Winning against HIV but running out of drugs? Making gains, while rights lag? We’re reading good news, bad news from the front lines

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NewWWRReports with conflicting headlines landed in the inbox on the same day in the last week, leading to the question: are advances in the fight against HIV victory, or progress? Good news followed by bad news leads to cognitive dissonance, but can also point to gaps.

Namibia winning HIV fight: Good news! Nigeria reduced HIV infections among children by 58 percent since 2009, this article from the Namibia government-owned New Era newspaper says. That news, pulled from a UNAIDS report that included news of declining child HIV infections across seven sub-Saharan African countries, led to the headline. But the report, on the Global Plan towards elimination of new HIV infections among children by 2015 and keeping their mothers alive (known, for short, as simply “Global Plan”) also reveals that overall, only half of all breastfeeding women living with HIV, or their children receive antiretroviral medicine to prevent mother to child transmission of the virus. And it notes that improvements in early diagnosis of HIV in children and access to treatment is still urgently needed.

Namibian: No ARVs for Otamanzi’s HIV Patients: This article brings the bad news of antiretroviral drug stockouts at four clinics, but notes that the Ministry of Health “could not confirm or deny the shortage of ARVs at the said clinics.” So while it leaves unclear the extent, or cause of the reported problem, it points to a potentially still weak link in record keeping and supply chain management —  that has been noted in PEPFAR evaluations, as the program prepares for “transitions” to greater “country ownership,” and that has the potential to derail other effective efforts.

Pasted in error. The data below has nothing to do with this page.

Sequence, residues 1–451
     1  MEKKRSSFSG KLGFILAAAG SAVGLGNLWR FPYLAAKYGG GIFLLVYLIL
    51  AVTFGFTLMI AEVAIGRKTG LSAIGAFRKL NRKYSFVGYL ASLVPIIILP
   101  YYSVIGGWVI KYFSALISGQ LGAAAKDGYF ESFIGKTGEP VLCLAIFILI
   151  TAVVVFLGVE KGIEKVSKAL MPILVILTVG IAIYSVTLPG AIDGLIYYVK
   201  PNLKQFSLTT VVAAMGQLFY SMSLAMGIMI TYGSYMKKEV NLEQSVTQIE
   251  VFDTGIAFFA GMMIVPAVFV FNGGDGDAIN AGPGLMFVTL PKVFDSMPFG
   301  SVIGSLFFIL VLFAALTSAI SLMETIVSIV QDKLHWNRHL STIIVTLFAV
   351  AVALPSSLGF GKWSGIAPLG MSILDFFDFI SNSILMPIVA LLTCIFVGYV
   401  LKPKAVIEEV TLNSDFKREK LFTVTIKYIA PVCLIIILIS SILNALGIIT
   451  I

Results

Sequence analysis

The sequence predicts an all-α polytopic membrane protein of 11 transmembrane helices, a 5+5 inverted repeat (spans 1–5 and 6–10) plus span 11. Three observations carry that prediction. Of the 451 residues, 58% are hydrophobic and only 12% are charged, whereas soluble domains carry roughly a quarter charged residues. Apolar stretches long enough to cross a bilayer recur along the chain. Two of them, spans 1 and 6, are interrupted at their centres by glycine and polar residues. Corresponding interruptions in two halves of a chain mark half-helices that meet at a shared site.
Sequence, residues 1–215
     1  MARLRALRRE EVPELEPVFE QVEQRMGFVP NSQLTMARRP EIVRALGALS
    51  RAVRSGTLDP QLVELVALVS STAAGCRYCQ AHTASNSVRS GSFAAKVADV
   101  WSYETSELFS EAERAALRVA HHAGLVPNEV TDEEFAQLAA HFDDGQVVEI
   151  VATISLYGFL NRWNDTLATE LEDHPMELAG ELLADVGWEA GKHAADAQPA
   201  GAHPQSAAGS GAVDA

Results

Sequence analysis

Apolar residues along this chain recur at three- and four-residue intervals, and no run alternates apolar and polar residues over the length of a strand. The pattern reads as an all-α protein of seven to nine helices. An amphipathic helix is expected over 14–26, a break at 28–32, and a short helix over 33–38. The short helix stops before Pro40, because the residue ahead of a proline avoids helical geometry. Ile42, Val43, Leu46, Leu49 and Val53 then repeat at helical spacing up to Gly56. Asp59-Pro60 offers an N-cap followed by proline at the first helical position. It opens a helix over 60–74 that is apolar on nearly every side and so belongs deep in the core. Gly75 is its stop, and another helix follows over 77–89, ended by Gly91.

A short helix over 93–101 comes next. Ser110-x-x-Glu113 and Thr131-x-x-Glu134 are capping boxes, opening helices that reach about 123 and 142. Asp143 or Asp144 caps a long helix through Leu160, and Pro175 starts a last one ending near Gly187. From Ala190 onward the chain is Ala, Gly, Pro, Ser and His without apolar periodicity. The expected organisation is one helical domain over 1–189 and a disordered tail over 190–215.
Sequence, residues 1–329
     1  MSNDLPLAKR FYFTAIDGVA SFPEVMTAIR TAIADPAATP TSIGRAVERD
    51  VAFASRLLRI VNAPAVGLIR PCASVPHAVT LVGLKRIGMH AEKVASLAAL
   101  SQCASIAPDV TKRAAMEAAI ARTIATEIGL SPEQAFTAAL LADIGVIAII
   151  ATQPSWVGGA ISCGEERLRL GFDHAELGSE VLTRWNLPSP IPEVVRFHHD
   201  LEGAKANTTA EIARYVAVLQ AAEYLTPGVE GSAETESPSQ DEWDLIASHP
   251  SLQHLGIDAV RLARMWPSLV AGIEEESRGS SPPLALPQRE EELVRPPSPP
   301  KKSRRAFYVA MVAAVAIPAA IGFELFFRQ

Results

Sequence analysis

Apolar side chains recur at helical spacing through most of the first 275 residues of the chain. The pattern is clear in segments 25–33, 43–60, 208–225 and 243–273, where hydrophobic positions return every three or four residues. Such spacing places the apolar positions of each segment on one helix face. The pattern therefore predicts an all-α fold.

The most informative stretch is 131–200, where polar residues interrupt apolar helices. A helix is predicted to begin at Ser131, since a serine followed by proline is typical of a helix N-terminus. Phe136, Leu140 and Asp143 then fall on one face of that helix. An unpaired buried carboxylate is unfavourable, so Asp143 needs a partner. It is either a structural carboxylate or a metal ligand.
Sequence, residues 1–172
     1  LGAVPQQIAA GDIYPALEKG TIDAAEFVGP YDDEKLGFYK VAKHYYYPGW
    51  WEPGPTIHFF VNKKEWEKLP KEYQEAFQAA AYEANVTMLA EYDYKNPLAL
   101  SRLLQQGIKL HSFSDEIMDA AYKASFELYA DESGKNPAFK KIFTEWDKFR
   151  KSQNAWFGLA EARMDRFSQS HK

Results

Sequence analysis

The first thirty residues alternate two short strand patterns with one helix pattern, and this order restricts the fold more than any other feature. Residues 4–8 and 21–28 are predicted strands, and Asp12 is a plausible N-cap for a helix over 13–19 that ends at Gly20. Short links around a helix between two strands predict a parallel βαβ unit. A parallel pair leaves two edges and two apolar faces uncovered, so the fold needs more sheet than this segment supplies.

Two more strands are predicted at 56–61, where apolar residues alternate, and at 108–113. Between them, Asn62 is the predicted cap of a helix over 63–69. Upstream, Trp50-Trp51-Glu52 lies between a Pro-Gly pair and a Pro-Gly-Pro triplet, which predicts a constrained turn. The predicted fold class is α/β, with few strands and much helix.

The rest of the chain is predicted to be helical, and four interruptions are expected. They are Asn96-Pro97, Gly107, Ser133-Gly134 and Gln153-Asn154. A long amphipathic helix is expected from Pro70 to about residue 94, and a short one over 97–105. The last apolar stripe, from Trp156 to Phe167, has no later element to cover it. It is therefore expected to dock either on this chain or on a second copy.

HIV infections in Kenya drop by forty percent: Great news! An official quoted in this brief story attributes a steep drop in new infections in the last five years to prevention programs. The bad news comes in the last line of the story, which notes “infection rates are higher among sex workers, fishermen and homosexuals.” Then the next story raises the question of whether the full extent of the “higher rates” can be counted.

Identity Kenya: Attacks on LGBTI, Sex Workers Worrying: Bad news for human rights, and bad news for the chances of advances in HIV prevention and treatment reaching those who need it most. This report, which details assaults on gay men, male sex workers, and transgender women, notes that the violence appears to have been sparked by media reports quoting National AIDS Council data of numbers of “homosexuals” in the area where the attacks took place. This article cites the recently released Amnesty International report Making Love a Crime documenting institutionalized and societal violence against sexual minorities in Africa.

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